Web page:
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To My Fellow Educators

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This post is for my fellow educators out there.

I am a millennial teacher. My journey in teaching all sorts of students started back when I was 16; I believe teaching knows no age limit. Being an educator has always been a challenge and a fulfilling role, from doing tutorials to public speaking, you’ll never know how many people you can influence on your words and actions! With the ever-changing world, including people’s behaviors, how can we, as educators, level up the game of education?

Remind your students the reason they go to school.

Whenever I ask students, they go to school for the sake of getting good grades, graduating, and getting credentials. Who are we to blame them when this kind of mentality have been ingrained to them ever since? As educators, our role is not just to provide skills and concepts, but also to remind them why they are at school. Have you experienced a time as a student, when you were younger, that you didn’t want to go to class? Some students even hoped for suspensions. If students could see the value of learning, they would not feel the heaviness of getting up in bed just to go to school or meet their teachers. As you can notice, this has been happening to some employees as well. They work just for the sake of earning money. Thus, if we add purpose on things we do, we won’t dread the feeling of doing things because we feel obliged to do it.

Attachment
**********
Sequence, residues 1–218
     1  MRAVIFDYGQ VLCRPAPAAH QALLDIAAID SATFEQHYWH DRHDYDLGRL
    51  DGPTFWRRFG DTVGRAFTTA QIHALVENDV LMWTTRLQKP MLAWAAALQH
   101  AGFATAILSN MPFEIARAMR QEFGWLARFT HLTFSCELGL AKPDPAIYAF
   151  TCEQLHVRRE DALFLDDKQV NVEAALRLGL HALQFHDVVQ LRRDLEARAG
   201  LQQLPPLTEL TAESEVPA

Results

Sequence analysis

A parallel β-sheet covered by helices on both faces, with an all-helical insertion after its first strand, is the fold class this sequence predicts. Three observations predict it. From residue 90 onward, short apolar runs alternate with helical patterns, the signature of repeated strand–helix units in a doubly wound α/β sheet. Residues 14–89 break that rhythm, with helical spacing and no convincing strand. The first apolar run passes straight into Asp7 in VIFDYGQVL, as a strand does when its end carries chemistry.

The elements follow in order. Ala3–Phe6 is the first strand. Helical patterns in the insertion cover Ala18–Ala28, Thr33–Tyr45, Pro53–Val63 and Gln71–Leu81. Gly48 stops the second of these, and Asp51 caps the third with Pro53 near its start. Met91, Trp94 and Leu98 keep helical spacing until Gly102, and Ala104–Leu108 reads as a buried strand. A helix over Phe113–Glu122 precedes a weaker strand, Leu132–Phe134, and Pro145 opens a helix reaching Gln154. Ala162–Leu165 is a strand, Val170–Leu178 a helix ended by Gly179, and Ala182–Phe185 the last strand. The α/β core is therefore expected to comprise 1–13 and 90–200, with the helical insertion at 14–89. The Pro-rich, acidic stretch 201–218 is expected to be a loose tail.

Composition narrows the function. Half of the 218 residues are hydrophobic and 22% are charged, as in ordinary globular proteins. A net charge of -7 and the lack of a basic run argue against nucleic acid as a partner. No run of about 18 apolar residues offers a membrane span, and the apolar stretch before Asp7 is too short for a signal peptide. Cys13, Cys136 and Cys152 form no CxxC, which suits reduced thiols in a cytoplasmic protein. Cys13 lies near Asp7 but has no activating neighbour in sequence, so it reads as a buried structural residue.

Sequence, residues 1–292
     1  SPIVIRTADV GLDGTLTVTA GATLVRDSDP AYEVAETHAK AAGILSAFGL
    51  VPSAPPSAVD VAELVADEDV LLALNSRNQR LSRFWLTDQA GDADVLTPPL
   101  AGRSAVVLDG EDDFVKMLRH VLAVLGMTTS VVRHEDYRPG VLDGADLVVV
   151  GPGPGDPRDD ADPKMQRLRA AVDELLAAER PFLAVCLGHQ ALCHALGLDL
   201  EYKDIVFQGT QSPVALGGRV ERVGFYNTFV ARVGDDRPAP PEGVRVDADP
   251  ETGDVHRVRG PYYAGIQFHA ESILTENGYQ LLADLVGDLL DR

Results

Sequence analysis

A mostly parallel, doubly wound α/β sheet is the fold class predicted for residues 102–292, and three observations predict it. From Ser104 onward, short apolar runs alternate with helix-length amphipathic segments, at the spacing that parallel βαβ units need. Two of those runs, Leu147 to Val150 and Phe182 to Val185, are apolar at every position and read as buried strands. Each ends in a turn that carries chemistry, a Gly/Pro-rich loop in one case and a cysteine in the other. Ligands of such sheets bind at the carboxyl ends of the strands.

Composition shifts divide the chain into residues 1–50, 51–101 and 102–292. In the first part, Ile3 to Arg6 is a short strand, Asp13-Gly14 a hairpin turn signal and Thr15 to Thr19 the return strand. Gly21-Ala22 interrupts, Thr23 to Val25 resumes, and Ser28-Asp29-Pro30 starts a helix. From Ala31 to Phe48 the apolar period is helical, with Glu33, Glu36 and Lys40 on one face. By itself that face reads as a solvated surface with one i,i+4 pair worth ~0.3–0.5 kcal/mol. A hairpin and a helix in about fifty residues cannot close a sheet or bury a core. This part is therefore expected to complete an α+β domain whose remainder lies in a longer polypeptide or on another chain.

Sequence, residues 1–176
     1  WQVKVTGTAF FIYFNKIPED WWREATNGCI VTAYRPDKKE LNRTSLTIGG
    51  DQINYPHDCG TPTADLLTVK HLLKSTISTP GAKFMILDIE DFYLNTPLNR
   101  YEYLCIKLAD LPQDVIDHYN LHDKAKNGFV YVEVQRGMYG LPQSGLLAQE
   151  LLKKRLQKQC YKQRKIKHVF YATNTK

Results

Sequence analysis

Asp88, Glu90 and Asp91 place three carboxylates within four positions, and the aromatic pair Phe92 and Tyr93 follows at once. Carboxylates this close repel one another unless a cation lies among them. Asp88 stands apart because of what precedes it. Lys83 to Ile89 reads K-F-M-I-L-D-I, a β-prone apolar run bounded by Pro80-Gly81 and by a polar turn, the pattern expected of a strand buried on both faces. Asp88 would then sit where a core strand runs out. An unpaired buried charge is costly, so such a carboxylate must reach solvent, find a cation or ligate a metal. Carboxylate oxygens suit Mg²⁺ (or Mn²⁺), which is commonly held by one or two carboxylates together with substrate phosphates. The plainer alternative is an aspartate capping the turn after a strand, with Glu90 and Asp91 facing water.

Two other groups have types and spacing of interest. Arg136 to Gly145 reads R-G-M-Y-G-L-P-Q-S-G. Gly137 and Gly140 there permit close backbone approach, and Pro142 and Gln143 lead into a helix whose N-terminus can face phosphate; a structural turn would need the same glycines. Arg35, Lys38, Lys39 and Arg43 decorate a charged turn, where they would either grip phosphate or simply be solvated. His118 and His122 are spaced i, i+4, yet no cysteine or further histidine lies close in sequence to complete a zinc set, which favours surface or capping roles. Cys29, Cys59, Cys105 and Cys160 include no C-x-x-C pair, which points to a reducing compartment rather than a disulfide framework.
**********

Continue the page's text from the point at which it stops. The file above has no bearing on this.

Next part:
Make studying a healthy thing to do with their brains.

Do not pressure your students for high grades. Tell them that grades are not a basis for success.

Accept that some students might not excel in your subject because it might be something that they are not passionate on. Moreover, appreciate the time they allot in attending class and submitting requirements. It would mean that they still exerted effort no matter what the circumstances might be. However, do not tolerate students who do not show up yet expects a grade in return. Show fairness in everybody. I have some instances wherein some students would not show up but does not give me the right to reprimand them in any way. Of course, as an educator, you would see this as a negative attitude. However, try to do these steps for better communication:

  • Talk to them personally.
  • Ask them what made them exhibit that kind of behavior.
  • Be a friend to them. Give them space to open up.
Like everyone else, students feel down at times, too. It’s can be due to some circumstances as well. As teachers, let’s not discredit the fact that they exhibit those kinds of emotions. Let’s be a friend who they can trust.

You would realize that they might be undergoing some trouble that hinders them from performing well. Coach them and lead them on the right way on their own pace.

Expose them to real-life situations.

I am the person who is one of the perfect products of the education of my generation. Thus, if there are flaws on how education is administered, I might not be the right person to say that, since it was so effective on me. However, that did not stop me to advocate what I see from other people. I’ve been with successful people who had negative experiences on education. They did not excel in class and taught themselves on their own how to learn things they want to explore. Though your subject matter might not be of interest to them, try to show them how it can help them by exposing them to real-life situations. Remember that the subject matter might not be interesting to them, but it can help them in the future. Thus, I’d like to give some tips on how you could make learning more valuable to them: